An alert fires or resolves based on the data values that are present during an alert checking time window. If data reporting is delayed, an alert checking decision might be made on a temporarily incomplete set of data values. This can lead to an apparent false positive (the alert fires when you don’t expect it) or false negative (the alert does not fire as expected).
This page can help you understand, diagnose, and prevent the impact of data delays on alerts. Buffering alerts against false positives, in particular, can help you reduce alert noise.
A Sample Scenario
Suppose you need to monitor the total number of users that are sharded across 3 sources (
app-3). You know that each source has about 35 users, so the sum is normally higher than 100. You set up an alert to notify you if the total number of users drops below 100 for 2 minutes. Now consider what happens:
An alert check occurs at 9:30:02. For the preceding 2 minutes, only 2 sources (
app-2) have reported any data. The average number of users is about 70 for each of these minutes, so the alert fires.
At about 9:35,
app-3finally sends its data points, and these delayed points are backfilled into the time series.
A few minutes later, you investigate the alert using a Wavefront chart. You query for the total number of users, and adjust the custom time window so you can view the data points in the minutes around the alert check (9:28 to 9:30).
You are surprised to see that the chart shows a total of about 105 users during the alert check window.
It appears that the alert fired even though its condition was not met at 9:30:02. Should you conclude that the alert misfired?
You can proceed by:
- Checking whether a data delay caused the alert to fire.
- Taking steps to minimize the impact of data delays.
Check for a Data Delay
If you think an alert has fired or resolved by mistake, it’s possible that a data delay occurred during the alert check time window. A data delay can change the set of data values that the alert checking process bases its decisions on.
What is a Data Delay?
A data delay is a noticeable latency between the time that a source collects a data value and the time that Wavefront receives that value. Data delays can occur anywhere in the data pipeline. Data delays can be:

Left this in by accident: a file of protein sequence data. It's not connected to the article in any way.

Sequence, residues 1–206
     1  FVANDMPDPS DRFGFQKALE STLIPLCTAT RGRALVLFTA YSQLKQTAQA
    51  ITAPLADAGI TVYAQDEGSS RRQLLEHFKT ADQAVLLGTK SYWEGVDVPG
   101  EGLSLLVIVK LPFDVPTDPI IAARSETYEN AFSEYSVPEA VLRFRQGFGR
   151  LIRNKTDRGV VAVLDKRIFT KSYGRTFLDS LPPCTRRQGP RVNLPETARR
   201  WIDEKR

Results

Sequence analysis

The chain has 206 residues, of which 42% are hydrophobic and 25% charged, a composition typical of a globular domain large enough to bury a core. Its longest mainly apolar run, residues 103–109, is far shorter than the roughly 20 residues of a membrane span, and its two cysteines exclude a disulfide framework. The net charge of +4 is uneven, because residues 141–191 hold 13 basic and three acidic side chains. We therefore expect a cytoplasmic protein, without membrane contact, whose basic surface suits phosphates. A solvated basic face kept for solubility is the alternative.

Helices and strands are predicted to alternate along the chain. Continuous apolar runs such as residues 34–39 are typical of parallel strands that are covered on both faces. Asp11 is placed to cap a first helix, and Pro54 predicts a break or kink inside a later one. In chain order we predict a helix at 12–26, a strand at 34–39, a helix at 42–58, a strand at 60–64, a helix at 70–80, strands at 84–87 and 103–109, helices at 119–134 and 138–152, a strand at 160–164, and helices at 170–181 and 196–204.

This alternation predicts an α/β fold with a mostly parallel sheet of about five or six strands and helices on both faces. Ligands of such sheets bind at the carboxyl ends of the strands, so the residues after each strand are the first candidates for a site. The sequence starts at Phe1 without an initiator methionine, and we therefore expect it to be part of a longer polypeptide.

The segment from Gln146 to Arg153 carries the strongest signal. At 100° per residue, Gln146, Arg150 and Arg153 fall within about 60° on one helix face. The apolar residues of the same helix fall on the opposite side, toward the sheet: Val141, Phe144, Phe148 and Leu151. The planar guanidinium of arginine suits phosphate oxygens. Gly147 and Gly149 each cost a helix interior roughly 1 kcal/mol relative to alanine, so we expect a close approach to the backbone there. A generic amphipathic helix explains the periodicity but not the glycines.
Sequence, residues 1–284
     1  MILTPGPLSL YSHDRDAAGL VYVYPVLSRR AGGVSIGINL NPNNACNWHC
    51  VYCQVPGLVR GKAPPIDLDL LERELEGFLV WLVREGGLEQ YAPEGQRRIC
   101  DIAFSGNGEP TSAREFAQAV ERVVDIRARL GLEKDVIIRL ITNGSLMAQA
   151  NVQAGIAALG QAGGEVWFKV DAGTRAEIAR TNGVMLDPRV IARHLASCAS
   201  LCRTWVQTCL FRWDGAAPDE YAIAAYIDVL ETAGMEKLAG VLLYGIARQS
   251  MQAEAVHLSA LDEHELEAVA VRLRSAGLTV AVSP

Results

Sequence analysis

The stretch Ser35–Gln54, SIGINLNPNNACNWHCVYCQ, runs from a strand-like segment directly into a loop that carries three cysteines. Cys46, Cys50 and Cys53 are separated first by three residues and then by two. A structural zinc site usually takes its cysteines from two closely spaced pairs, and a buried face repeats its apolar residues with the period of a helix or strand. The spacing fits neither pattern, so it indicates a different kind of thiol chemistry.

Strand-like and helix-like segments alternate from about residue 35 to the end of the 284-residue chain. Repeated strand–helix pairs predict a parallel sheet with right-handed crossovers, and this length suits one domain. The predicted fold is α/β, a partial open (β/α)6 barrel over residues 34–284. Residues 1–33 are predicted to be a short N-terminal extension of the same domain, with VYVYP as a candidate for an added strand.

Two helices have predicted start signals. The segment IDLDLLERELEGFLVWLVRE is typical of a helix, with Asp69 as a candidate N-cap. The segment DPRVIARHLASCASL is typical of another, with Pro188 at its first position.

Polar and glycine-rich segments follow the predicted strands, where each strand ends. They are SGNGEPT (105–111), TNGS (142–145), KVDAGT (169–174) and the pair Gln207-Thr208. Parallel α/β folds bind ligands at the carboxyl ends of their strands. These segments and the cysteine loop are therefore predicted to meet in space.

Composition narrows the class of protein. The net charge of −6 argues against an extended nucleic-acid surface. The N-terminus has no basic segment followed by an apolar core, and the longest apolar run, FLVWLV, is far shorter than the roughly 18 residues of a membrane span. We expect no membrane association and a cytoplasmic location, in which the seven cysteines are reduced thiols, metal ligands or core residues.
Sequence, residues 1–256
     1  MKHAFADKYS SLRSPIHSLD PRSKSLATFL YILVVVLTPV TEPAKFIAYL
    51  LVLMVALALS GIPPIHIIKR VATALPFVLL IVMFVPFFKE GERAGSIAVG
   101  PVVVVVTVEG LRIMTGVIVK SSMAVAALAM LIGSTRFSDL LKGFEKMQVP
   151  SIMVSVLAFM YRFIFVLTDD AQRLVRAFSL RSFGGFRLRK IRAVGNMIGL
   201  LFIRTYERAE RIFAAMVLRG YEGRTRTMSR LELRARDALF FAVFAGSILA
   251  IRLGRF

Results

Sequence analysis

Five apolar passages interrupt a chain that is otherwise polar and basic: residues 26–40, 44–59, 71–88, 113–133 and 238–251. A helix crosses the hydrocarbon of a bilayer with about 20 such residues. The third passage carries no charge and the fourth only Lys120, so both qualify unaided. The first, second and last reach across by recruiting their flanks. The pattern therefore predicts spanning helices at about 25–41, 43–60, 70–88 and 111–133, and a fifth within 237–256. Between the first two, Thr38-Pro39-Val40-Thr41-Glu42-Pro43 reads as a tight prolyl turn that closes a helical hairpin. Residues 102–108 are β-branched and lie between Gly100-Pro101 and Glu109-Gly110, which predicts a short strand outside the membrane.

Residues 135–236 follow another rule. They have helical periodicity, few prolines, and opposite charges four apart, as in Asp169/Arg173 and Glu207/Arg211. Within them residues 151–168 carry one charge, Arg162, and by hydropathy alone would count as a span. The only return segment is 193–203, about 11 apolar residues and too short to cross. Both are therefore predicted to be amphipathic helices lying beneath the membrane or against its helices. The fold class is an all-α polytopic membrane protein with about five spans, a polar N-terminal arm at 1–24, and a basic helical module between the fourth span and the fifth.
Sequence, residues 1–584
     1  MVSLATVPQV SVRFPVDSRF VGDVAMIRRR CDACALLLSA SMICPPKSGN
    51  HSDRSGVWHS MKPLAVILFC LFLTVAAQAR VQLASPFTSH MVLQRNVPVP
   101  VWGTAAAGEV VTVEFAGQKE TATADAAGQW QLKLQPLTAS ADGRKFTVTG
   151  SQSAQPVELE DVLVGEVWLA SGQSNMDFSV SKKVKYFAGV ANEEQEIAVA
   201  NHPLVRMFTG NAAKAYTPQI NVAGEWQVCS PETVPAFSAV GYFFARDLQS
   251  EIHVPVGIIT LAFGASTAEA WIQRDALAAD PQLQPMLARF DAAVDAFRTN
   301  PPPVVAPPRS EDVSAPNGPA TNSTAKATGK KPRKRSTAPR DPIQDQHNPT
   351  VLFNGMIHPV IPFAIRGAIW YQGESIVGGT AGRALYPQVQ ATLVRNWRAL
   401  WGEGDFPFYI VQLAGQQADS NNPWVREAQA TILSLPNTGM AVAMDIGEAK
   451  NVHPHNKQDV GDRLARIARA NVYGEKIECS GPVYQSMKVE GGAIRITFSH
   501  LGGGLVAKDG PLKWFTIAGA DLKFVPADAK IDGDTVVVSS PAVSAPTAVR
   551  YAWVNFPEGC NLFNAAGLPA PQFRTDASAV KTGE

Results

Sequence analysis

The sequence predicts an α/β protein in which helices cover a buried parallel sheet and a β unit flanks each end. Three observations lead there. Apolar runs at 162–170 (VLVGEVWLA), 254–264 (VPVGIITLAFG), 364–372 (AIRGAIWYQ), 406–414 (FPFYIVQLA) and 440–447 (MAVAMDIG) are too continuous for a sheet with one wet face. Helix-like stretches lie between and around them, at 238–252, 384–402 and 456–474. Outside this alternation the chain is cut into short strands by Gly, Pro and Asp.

- Predictable - for example, when a source preprocesses or batches the data values before sending them to Wavefront.
- Unpredictable - for example, when a sudden network slowdown or outage interferes with the flow of data.
When delayed data points arrive, Wavefront backfills them into their time series. Each backfilled point is stored with the timestamp that reflects when the source collected it, not when Wavefront received it.
Did a Data Delay Affect My Alert?
The process of backfilling data values causes Wavefront to revise the affected time series. In effect, there are now two views of the time window in which the delay occurred:
- The original view, which exists before backfilling takes place.
- The revised view, which exists after backfilling takes place. This view consists of the complete set of reported data values.
After backfilling takes place, you can see only the revised view in a Wavefront chart.
If an alert has fired when you didn’t expect it, you can examine an alert notification to help you determine whether a data delay was the cause:
- Obtain an alert notification that was triggered by the alert.
- Check whether the alert notification includes a chart image. A chart image shows the original view of the data at the time the alert fired.
- Use the alert notification to display a current, interactive chart for the query that was used in the alert condition. By default, you can click a View Alert button to display the chart with a custom date that includes the alert time check window.
- Compare the chart image and the interactive chart.
- A difference indicates that a data delay and backfilling have occurred, so the interactive chart now shows a revised view.
Minimize the Impact of Data Delays on Alerts
You can minimize the impact of data delays by evaluating data from an earlier time window. Doing so improves the chances that the alert checker will base its decisions on data that has been backfilled.
You can use either of the following techniques (or both):